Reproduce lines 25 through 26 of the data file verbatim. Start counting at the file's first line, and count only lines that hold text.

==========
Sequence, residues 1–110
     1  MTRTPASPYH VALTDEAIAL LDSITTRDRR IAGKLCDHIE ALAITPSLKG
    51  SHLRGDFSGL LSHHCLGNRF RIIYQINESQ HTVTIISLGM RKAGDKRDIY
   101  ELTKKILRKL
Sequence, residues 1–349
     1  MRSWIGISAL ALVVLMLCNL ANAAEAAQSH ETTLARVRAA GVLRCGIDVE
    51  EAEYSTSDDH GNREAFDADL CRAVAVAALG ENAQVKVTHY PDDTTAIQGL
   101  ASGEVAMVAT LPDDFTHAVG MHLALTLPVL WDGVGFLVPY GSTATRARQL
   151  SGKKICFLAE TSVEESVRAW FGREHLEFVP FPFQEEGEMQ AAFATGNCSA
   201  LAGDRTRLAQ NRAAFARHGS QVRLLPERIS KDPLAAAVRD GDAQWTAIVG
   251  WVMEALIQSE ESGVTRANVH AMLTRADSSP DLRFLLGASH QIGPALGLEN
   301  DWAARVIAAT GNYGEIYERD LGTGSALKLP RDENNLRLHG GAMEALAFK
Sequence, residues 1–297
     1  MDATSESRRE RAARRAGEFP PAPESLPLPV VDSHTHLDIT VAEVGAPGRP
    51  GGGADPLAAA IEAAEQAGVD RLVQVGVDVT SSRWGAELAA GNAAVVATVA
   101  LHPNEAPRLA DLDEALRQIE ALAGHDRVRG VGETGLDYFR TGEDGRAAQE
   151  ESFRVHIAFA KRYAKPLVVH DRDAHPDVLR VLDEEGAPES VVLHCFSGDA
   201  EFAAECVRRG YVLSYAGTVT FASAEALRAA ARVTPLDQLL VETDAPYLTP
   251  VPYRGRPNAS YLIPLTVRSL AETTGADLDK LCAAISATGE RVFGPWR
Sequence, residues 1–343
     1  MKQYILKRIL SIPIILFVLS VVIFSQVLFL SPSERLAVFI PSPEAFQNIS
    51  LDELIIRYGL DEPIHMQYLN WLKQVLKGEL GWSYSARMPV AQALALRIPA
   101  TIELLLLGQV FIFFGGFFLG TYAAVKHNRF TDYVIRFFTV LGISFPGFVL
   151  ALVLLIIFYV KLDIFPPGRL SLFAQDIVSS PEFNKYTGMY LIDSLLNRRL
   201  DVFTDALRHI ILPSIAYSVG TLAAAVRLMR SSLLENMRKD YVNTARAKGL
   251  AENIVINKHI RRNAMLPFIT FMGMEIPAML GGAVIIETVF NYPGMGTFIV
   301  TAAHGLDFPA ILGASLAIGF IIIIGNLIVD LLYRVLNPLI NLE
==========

   201  DVFTDALRHI ILPSIAYSVG TLAAAVRLMR SSLLENMRKD YVNTARAKGL
   251  AENIVINKHI RRNAMLPFIT FMGMEIPAML GGAVIIETVF NYPGMGTFIV